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A Two-Transistor Phaser for 80 – 10 meters (update March 2019 of 2006 design)


After using the MFJ-1025 Noise Canceling box for a few years, I noticed that I really did not use it in the array application. Mainly because it is not well-equipped for the job. It is difficult or impossible to find the right settings for the phase difference and gain ratio.


On this page I present a more useful Phaser or Noise Canceller.

Phaser is a better name for it when using it in an array application.



Desirable Phaser specifications

phase control

·       must cover the full 360°

·       linear scale for maximum phase control spreading **

·       knowledge of the actual phase setting

·       logical scale for application in an array (linear from -90° via 0° to +90°)

·       reproducible and stable control

gain control

·       implemented as a balance (ratio) control

·       accurate by using a gain control spreading **

dynamic range

·       good large signal behavior

·       negligible noise contribution


·       phase and gain both frequency independent

(gain and phase control must be also independent)


·       easy to build and no expensive components


** phase and gain control spreading is essential for obtaining deep nulls. Just like bandspreading is for accurate frequency control.



Phasing network

The MFJ-1025, but also the ANC4, uses a well known phasing network to control the phase from one of the antennas. The phase shift is controlled by a variable resistor.

The next schematic shows the circuit used in the MFJ-1025 and the ANC4.



The next graph shows the phase shift at 10MHz as a function of the variable resistor Rp.



The main problems of this circuit are clear. It is not possible to cover the full 180° and the control of the phase shift is very non-linear with the variable resistor. And at other frequencies this non linear behavior is different, so it is not practical to calibrate the scale.



Linear phase shift

It is possible to get an almost perfect linear phase shift when using this circuit for both antenna signals. How: by controlling the phase shift of both antenna signals in the opposite direction at the same time with one single knob.

The next schematic shows the basic new transformed circuit using a differential capacitor (Ca and Cb) for tuning the phase shift. A variable capacitor makes a much better control than a variable resistor (contact wear out).



The next graph shows the phase difference at 10MHz as a function of the differential capacitance (Ca or Cb) setting.



At 10MHz and below it is very linear. At higher frequencies, up to 28MHz, it becomes some what less linear. The full 180° is easy feasible!

The next graph shows the phase shift over frequency for 11 capacitor values (7pF, 17pF, …., 107pF).





A Two-Transistor Phaser for 80 – 10 mtr (update March 2019 of 2006 design)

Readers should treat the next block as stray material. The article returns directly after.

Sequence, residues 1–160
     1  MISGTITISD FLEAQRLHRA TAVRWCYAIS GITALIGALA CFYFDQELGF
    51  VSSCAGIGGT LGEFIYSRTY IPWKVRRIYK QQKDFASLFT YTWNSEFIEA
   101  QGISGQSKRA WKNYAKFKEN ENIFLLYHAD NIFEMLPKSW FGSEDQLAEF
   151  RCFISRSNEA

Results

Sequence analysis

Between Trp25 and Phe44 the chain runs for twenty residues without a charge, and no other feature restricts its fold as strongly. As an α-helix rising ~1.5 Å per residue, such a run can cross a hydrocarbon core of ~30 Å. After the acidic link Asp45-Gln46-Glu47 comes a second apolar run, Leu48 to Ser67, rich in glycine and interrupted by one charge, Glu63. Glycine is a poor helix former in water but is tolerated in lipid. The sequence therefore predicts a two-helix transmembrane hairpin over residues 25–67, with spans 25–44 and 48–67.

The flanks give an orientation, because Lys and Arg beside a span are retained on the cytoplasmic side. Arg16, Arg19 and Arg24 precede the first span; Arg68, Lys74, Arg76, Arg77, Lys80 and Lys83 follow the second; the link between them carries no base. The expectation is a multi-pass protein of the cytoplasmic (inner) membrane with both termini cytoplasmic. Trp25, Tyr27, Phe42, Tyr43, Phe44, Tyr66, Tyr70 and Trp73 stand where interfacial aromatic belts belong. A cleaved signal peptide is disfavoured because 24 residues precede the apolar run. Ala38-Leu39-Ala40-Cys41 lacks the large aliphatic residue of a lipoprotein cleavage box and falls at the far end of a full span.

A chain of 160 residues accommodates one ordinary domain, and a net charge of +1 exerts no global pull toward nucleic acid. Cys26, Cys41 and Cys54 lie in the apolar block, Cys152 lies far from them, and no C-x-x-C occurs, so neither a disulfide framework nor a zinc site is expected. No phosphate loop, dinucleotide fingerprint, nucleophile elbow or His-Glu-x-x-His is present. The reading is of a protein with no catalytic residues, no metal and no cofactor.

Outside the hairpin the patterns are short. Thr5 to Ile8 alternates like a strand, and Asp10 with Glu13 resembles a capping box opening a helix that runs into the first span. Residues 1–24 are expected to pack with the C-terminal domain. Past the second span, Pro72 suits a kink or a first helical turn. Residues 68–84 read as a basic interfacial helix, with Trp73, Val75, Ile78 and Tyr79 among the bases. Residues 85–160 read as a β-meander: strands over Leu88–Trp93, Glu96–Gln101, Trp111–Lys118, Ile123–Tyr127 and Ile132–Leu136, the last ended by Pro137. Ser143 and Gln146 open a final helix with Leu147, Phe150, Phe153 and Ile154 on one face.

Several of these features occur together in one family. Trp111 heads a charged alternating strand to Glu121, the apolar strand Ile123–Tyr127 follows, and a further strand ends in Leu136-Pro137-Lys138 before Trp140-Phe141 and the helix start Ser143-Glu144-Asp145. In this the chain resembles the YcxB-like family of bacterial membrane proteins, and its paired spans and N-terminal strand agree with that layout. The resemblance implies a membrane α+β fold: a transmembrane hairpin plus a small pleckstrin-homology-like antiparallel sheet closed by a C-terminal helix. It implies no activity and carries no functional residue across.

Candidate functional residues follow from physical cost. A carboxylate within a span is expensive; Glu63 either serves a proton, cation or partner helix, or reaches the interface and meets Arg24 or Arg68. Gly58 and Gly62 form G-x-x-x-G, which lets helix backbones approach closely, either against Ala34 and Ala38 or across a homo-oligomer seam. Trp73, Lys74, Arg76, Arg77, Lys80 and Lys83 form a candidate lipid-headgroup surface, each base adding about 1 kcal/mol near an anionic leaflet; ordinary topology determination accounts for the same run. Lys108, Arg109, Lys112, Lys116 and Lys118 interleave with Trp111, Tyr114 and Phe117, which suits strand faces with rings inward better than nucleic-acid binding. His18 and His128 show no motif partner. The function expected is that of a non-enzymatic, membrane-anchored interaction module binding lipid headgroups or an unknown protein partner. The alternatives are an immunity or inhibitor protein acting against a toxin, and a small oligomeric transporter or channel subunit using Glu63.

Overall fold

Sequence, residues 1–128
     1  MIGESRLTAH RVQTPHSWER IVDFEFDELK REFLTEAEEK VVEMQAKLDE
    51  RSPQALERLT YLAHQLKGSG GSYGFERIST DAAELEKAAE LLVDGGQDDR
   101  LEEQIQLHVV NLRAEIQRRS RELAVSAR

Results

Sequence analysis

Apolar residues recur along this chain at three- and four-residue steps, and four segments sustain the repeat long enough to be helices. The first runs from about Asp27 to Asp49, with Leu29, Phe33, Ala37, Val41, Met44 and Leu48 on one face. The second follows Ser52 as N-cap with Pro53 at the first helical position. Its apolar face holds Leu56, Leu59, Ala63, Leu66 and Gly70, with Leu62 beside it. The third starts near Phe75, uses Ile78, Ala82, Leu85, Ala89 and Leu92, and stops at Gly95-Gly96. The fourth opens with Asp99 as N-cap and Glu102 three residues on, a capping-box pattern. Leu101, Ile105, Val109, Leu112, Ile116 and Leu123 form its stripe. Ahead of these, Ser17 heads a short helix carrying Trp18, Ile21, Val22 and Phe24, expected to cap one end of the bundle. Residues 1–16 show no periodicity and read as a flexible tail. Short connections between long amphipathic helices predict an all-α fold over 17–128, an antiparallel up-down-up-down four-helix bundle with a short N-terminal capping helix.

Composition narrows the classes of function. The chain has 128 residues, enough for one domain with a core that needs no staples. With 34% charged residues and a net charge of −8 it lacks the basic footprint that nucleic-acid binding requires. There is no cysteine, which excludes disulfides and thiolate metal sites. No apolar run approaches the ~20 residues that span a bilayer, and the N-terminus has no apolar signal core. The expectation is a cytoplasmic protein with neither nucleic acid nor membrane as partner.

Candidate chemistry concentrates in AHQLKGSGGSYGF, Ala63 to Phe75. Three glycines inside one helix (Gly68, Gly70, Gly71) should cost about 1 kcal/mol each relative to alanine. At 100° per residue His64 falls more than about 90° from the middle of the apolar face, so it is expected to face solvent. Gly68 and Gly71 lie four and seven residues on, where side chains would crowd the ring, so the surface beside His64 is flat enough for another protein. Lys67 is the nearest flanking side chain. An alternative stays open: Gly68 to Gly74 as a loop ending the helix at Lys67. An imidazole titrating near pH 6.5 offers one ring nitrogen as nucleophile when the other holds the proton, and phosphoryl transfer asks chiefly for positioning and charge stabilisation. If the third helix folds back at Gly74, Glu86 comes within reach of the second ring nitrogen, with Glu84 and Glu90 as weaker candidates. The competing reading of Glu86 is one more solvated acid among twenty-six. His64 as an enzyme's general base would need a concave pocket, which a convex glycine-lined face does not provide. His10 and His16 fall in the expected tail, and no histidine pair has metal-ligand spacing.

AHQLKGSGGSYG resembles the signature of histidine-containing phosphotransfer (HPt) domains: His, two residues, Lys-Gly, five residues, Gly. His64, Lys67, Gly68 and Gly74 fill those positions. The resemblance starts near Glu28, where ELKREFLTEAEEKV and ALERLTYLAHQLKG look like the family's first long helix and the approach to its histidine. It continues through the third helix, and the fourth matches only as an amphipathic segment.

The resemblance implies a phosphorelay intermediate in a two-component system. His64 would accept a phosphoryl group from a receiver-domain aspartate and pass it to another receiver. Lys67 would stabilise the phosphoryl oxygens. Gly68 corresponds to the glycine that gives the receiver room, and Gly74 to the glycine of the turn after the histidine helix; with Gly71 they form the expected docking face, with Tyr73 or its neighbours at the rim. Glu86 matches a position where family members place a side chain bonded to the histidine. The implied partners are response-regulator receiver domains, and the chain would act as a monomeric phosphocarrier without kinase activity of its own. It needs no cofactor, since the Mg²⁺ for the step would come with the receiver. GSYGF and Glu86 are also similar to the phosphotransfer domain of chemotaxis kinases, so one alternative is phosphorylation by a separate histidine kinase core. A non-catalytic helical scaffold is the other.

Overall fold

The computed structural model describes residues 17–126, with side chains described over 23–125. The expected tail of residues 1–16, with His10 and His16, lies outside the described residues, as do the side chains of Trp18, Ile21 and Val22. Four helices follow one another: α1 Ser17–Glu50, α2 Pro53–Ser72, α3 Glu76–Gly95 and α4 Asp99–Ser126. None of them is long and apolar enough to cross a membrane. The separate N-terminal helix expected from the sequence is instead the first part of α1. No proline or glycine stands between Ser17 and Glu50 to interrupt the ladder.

(click picture to enlarge)


Update: removed Rpa3, Rpa4, Rpb3, Rpb4, Cpa1, Cpa2, Cpb1, Cpb2 which were in parallel with Rpa1, Rpa2, Rpb1 and Rpb2.

The amplitude of antennas signals A and B are first set by Pa and Pb and then the exact ratio is set by the fine balance control Pfb. If using the broadband antenna amplifier no overload protection is necessary. Switch S1 exchange the antennas A and B. Switch S2 inverts one of the antenna signals and makes the other 180° possible. Relays can be used instead of switches.


-- The differential capacitor can also be constructed using two normal tuning capacitors. The controlling knob must be isolated (some distance) from the capacitors.

-- A differential capacitor with e.g. a lower value can also be used, but the Rpa1, Rpa2, Rpb1 and Rpb2 resistors have to be scaled. A 5pF-70pF differential capacitor (1.5×smaller) needs 1.5× larger resistors. The output voltage levels will decrease accordingly.

-- Other decent low noise 50 Ohm amplifiers with about 20-30dB gain will also do the job. For the transformers other appropriate cores can be used also, the inductances are very not critical.

-- The functionality can be tested by applying a small signal to the A or B input. The phase at the output should vary over at least 90 degrees on all bands over the full capacitance range of Ca/Cb. By connecting the signal to both inputs A and B (using the same coaxial cable length) the cancelling of the signal should occur at about 180 degrees (Ca=Cb).


Two pictures of the Phaser/Noise Canceller prototype:

Front view

Back view


Because of the much better control of the phase difference and the gain ratio, it is much easier to get deep nulls. Knowledge of the actual phase setting, linear phase control and phase/gain spreading are a must.

Noise contribution is about the same as the MFJ-1025, because the phasing networks are essentially the same. But large signal behavior is much better.



Last updated: May 12, 2019